Mammy has a name and back story. It’s been 75 years since the publication of  Margaret Mitchell’s “Gone With The Wind”, and Mammy is getting the attention she deserves (eye rolls).  Mammy (now known as Ruth) will be the subject of a soon to be released prequel that will give the back-story of her life.

“Ruth’s Journey,” begins in 1804, when Ruth is brought from Haiti to Savannah, GA. The author, Donald McCaig, who already has two “Gone With The Wind” sequels under his belt, said he wanted a sequel based on Ruth, who he referred to as  sharp-tongued, loving, sensitive and deeply moral.

“It was Donald’s idea, instead of doing another sequel, to go backwards,” Peter Borland, the editorial director of Atria (the company publishing the book), said. “He felt that Mammy was such a fascinating and crucial character to the book. He wanted to flesh out a story of her own.”

Borland also went on to say the book will address the previous criticisms Margaret Mitchell received because of the portrayal of Mammy.

From The New York Times:

Mitchell was criticized for the one-dimensional nature of many African-American characters in the book, particularly Mammy, who cared for the fiery Southern belle Scarlett O’Hara. An unauthorized parody of the classic novel, “The Wind Done Gone,” published in 2001 over the objections of the Mitchell estate, was told from the perspective of a slave whose mother was Mammy.

Mr. Borland said the new book addresses those criticisms head on.

“What’s really remarkable about what Donald has done is that it’s a book that respects and honors its source material, but it also provides a necessary correction to what is one of the more troubling aspects of the book, which is how the black characters are portrayed,” Mr. Borland said.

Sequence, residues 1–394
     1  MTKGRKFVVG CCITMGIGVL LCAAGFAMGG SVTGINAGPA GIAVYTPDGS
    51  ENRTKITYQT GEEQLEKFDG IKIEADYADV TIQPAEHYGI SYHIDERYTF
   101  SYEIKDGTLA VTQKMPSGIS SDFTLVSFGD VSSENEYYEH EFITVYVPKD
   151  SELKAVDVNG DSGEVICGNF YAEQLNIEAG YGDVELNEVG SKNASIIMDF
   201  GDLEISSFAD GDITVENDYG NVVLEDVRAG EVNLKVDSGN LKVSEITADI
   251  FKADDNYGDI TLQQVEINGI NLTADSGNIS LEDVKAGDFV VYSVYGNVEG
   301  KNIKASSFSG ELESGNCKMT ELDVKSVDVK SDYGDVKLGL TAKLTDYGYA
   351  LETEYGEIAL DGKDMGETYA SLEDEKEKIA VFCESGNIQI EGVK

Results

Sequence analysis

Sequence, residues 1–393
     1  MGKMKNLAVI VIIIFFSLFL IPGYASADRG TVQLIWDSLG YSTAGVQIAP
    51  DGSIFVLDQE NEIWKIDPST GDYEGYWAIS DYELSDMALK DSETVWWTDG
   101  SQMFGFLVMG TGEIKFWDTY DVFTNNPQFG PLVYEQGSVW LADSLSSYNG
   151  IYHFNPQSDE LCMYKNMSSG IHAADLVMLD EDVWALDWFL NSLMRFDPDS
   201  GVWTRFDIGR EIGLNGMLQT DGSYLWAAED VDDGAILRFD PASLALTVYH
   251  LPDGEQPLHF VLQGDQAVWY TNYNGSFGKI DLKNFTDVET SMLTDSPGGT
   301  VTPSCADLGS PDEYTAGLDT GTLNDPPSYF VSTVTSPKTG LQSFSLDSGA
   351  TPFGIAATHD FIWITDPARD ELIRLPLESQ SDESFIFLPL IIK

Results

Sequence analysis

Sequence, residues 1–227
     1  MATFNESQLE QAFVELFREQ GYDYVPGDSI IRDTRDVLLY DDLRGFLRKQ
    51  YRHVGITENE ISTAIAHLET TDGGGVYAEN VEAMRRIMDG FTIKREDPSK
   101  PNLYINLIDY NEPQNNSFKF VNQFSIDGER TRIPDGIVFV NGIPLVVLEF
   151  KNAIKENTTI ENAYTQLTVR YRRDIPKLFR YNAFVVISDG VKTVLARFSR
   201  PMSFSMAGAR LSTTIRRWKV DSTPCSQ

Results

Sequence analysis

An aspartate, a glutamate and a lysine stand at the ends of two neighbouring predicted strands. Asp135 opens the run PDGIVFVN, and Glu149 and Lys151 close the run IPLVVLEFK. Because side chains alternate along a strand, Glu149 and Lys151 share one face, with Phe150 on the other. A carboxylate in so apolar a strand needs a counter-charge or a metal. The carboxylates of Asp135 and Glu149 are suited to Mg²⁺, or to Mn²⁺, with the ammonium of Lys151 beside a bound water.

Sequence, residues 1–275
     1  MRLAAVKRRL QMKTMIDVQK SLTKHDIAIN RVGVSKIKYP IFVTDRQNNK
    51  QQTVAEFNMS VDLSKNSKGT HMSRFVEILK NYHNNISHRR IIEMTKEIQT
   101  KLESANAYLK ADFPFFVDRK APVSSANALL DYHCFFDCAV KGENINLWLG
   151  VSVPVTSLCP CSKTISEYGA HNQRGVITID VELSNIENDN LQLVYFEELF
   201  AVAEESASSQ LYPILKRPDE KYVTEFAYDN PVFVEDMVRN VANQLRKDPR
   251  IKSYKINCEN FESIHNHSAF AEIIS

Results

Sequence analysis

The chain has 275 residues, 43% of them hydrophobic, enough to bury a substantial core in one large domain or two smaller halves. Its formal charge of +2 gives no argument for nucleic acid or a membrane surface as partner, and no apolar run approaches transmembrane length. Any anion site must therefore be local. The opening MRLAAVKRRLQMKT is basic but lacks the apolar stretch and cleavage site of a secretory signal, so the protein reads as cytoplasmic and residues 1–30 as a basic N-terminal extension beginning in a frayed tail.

In an email, Mr. McCaig, 73, who lives on a farm in Virginia, said that he was drawn to write about Ruth because there are “three major characters in ‘Gone With the Wind,’ but we only think about two of them.”

“Scarlett and Rhett are familiars, but when it comes to the third, we don’t know where she was born, if she was ever married, if she ever had children,” he said. “Indeed, we don’t even know her name,” he said. “Ruth’s Journey” also fleshes out the story of one of the more compelling figures in “Gone With the Wind,” Ellen Robillard O’Hara, the matriarch of the clan, who dies at the Tara plantation during the Civil War. Among the other new plot twists Mr. McCaig dreamed up: Ruth, has an early marriage that was not broached in “Gone With the Wind”; and she has a connection to Rhett Butler’s family that explains her hostile behavior toward Rhett later in the classic novel.

Also, coming soon, “Ruth” the movie, staring a really obnoxious,  sassy, heavyset  black woman. Don’t front, you know it’s bound to happen.


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